The second requirement to have a scalable system is a rather tricky one. Remember that our qubits are all in a superposition, are vulnerable to the slightest perturbation in heat, humidity, and electromagnetism (light, radio-waves, wifi etc.), and prone to making mistakes. To control such a multi-qubit system, we need to generate and coordinate almost perfectly-timed electrical signals. Scaling these systems to support a large number of qubits is difficult. Not to mention that as the system grows, there will be more “correcting” qubits, existing to check whether any of the other qubits are faulty, and so it would appear that the memory of a quantum computer may not grow quite as quickly as predicted.

The third and fourth problems of initialisation and readout are mentioned in the measurement section above, and a great deal of research is being conducted on these topics, with frequent progress. However, the condition under which these protocols (and in general, quantum computers) work are very extreme: requiring superconducting material and a closed system at 30 mili-Kelvin (approximately 0K which is -273.3 degrees C).

But by far, the biggest obstacle which has to be overcome is quantum decoherence time. We have seen on numerous occasions in this series that superposition is the reason why quantum computers are superior to classical computers, but this relies on an important characteristic called coherence. Coherence is the ability of a quantum state to remain in superposition and allow for interference.

The Young double slit experiment is a classic demonstration of coherence. In physics, two wave sources are coherent if their frequency and waveform are identical.

Shining light through one slit, we see a single blurred-out blob, just as we would expect if we were to fire something macroscopic like a bullet. Shining light through both slits, we get an interesting banded pattern, and not the 2 blurry blobs we might expect. This is the result of constructive interference creating bright spots, and destructive interference making dark spots. For these interference patterns to form, the light has to be coherent (which in this case means it comes from one source).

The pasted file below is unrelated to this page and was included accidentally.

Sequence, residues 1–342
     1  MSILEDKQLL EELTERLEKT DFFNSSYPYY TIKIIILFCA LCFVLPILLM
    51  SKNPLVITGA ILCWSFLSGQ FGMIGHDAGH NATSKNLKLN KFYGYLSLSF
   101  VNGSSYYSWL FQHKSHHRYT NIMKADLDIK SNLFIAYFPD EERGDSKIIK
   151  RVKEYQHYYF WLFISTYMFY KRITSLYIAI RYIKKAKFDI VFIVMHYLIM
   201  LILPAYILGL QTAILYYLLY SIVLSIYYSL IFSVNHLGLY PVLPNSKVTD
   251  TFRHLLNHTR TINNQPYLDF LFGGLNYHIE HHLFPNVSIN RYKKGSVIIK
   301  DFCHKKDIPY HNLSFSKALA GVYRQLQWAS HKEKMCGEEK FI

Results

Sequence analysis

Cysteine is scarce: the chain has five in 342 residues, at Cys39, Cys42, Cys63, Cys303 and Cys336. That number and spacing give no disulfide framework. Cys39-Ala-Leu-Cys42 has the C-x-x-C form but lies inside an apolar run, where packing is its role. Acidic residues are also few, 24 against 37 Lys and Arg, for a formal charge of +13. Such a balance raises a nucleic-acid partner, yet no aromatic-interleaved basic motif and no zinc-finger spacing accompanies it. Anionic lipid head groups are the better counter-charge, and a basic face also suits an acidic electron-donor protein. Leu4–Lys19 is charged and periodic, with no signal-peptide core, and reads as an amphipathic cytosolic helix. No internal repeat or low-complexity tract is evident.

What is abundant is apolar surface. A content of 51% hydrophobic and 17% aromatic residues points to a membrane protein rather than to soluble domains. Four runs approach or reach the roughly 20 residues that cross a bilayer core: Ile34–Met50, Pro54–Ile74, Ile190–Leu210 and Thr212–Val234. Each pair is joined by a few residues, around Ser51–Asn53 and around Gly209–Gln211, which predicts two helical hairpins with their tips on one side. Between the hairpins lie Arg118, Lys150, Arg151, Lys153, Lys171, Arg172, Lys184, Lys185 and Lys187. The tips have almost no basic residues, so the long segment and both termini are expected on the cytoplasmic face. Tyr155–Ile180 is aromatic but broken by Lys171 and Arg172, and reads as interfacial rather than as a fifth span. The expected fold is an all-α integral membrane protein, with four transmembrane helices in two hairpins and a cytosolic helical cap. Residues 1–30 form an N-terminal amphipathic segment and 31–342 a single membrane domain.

However, coherence isn’t permanent, unless we are in a perfectly isolated system. Every action we perform on the system of qubits will share coherence with the environment which is lost over time, just like energy is lost due to friction in classical mechanics.

It is hoped that if the error rate remains small enough, it might be possible to use quantum error correction to suppress errors and decoherence. However, this in turn leads to the problems of scalability which we’ve just been discussing: the larger the computer, the more correcting bits required. This still remains a huge problem to be dealt with.


Despite the current limitations, quantum computing already has many applications, mainly in solving currently solvable problems that are deemed unsolvable by classical computers because of the time taken. The most notable example is in cryptography and solving integer factorisation problems.

The premise of this problem is quite simple. Let’s try to calculate 73 * 97 by hand. It would take a little while, but you will eventually find the answer 7,081. But, can you factorise (break down into prime numbers multiplied together) a smaller number like 1343 by hand? The first step is to perhaps realise that one of the primes must be smaller than the square root of 1343 (because if both/all primes are larger than the square-root, the number will be bigger than 1343!). It’s again a little tricky to calculate the square root by hand, but an estimate is good enough: somewhere in the middle of 30 (302 is 900) and 40 (402 is 1600).

So, what are the primes smaller than 40? 2, 3, 5, 7, 11, 13, 17, 19, 23, 29, 31, 37. The factorisation of 1343 can’t have 2 and 5 because the last digit of it is 3 (so clearly not even, or ending with a 0 or 5), and the sum of 1 + 3 + 4 + 3 = 11 isn’t divisible by 3, so therefore it doesn’t have 3 in it either. (For more divisibility tricks see this article by previous TRM intern Alex Nikic).